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Osteoporosis: a frightening lack of intervention

Osteoporosis: a frightening lack of intervention

The Connected Care Blog

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Lunar Prodigy Bone Densitometer (DXA)

A minimal trauma fracture is defined as a fracture that occurs through falling, tripping or slipping from a standing height or a trauma of lesser impact.

Each such fracture is followed by repeat fracture in up to 50% of cases.

Unfortunately, many people who suffered such fractures, even when they presented to hospital, were not told that they could have osteoporosis nor were they investigated or treated for this disease.

The statistics are frightening:

  • Someone was admitted to an Australian hospital with an osteoporotic fracture every 5-6 minutes in 2007
  • People who suffer one fracture have a 2 to 3 times higher risk of suffering another fracture
  • Studies have shown that only 20 to 30% of patients are being identified at the time they present with the first minimal trauma fracture!

Many task forces and medical groups are working hard to change this. Progress has been snail-paced.

A more appropriate response to an osteoporotic fracture would include:

  • Assessment of medical history and risk factors
  • Detection of the disease, using DXA testing
  • Education
  • Lifestyle change (such as giving up smoking, regular exercise, dietary measures)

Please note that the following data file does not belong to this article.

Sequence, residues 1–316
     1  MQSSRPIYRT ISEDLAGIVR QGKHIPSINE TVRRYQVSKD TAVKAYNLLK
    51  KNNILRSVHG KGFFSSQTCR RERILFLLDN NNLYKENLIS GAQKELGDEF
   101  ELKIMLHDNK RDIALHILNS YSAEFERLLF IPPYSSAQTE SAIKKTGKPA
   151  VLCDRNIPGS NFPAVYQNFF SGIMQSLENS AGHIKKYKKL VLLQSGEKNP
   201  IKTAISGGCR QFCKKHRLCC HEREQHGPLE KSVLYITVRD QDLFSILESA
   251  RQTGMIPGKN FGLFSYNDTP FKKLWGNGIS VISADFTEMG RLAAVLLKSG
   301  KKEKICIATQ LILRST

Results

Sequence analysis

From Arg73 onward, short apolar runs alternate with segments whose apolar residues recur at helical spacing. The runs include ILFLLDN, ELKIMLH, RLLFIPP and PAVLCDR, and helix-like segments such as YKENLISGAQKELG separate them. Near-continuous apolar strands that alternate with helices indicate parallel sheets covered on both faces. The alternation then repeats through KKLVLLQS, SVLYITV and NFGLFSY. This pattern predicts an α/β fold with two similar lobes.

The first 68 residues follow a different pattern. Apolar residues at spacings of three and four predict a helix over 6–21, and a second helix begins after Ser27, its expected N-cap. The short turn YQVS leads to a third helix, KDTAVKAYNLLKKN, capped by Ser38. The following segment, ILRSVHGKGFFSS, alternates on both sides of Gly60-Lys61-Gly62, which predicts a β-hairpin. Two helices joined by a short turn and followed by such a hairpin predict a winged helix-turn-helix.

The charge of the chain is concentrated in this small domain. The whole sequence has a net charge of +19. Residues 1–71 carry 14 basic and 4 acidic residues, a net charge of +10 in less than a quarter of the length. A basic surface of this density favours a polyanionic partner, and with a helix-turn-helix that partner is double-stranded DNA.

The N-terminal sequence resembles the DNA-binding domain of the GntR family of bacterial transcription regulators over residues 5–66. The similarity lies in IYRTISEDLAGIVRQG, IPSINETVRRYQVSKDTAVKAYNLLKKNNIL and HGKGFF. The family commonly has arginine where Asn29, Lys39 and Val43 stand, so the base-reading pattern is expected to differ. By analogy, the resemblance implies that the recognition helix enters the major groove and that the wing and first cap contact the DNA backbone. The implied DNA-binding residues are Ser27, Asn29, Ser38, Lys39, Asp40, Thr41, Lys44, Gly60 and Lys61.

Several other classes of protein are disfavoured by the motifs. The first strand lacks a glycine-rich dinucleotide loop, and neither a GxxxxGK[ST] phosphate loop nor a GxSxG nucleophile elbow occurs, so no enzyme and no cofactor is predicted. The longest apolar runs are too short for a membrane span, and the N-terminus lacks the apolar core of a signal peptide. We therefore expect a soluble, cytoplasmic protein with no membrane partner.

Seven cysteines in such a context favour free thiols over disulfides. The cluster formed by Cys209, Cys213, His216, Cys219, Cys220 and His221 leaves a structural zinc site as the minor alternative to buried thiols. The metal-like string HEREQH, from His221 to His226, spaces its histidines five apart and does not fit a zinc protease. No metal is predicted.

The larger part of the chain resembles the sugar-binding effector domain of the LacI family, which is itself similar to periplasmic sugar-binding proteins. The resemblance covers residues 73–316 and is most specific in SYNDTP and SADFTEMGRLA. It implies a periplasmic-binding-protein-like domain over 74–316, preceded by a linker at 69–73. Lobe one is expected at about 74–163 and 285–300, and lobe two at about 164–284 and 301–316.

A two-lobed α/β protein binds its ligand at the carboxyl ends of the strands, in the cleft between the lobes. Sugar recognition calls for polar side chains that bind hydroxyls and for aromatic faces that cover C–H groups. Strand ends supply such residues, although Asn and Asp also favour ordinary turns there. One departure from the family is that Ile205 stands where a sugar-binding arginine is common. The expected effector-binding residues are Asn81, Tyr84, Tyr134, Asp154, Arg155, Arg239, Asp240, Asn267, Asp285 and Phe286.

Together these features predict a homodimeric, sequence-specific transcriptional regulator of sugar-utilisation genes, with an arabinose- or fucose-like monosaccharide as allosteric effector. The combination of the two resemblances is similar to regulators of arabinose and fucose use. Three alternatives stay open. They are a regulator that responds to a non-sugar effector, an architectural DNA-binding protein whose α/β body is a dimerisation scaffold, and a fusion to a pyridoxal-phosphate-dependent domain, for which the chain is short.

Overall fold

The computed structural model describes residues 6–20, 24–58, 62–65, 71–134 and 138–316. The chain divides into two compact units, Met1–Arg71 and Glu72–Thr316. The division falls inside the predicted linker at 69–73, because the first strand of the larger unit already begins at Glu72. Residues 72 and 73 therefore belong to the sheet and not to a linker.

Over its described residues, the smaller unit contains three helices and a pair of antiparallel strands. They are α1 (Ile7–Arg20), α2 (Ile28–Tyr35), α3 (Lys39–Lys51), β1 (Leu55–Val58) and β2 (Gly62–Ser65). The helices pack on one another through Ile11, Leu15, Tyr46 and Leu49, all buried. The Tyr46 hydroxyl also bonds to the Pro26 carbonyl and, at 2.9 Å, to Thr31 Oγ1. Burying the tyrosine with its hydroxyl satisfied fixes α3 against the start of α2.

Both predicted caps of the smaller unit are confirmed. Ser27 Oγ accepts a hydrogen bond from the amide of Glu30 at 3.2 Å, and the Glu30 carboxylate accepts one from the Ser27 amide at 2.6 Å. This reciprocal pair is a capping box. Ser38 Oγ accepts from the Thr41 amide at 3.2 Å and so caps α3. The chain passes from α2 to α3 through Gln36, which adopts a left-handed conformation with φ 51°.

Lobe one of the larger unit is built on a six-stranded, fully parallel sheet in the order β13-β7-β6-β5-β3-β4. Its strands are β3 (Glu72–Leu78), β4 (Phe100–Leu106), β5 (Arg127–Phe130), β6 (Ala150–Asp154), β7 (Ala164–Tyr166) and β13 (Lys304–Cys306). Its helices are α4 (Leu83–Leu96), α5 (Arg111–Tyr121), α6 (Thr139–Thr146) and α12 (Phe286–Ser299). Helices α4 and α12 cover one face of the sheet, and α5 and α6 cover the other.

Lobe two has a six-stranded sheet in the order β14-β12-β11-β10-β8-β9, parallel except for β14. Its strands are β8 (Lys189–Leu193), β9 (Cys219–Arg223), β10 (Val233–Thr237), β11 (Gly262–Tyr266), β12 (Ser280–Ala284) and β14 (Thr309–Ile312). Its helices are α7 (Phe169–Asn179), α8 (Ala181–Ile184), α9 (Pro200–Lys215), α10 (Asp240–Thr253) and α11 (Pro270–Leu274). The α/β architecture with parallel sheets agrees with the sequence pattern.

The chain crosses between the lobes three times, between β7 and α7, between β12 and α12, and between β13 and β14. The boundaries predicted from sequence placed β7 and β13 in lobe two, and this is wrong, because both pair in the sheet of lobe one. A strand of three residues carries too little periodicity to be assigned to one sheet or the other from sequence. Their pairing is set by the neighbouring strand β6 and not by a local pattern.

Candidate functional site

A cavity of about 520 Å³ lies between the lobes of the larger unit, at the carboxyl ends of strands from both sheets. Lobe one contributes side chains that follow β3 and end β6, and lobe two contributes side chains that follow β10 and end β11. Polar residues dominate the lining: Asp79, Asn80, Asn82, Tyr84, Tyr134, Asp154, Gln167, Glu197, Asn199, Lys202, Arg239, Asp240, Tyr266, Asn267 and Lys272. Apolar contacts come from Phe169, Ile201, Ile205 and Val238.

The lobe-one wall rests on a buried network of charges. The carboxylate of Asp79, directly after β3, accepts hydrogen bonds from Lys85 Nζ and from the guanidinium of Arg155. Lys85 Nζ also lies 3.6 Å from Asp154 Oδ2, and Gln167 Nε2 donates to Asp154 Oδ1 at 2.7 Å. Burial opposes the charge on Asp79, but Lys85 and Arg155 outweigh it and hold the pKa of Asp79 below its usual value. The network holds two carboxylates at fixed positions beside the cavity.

• The risk of falls being assessed & reduced by helping the elderly walk more safely
  • Supplementation with calcium and vitamin D when indicated
  • Appropriate use of medications

This sort of fracture prevention clinic or fracture liaison service does not currently exist in the majority of Australian hospitals. Why not?

Bureaucracy, lack of health funding, lack of political will, and poor general awareness among the public and health professionals probably contribute.

Effective management of osteoporosis is a wonderful example of the need for the Connected Care model. At BJC Health, we have provided this fracture liaison service for years. Coordinated, conveniently-located, multi-disciplinary care to provide an effective solution.

All evidence-based guidelines highlight the importance in intervening to prevent the next fracture. When will our hospitals get their act together?

Dr Irwin Lim is a rheumatologist and a director of BJC Health. You should follow him on twitter here.
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